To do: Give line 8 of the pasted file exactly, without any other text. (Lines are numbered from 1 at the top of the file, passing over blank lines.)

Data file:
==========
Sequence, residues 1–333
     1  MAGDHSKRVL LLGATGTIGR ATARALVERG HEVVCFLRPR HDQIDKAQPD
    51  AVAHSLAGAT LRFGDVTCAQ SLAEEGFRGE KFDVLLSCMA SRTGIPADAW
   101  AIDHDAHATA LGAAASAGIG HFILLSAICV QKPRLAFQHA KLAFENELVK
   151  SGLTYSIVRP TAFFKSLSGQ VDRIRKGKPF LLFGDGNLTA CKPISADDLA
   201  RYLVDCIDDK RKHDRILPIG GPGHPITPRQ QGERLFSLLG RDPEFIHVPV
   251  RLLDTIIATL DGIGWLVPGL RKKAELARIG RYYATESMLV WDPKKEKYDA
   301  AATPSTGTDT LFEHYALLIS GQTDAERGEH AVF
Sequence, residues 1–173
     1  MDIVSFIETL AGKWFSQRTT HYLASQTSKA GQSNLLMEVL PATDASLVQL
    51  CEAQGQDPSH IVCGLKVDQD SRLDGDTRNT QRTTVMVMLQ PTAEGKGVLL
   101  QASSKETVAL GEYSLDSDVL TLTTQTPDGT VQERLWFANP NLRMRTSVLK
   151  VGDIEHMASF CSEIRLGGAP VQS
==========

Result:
   301  AATPSTGTDT LFEHYALLIS GQTDAERGEH AVF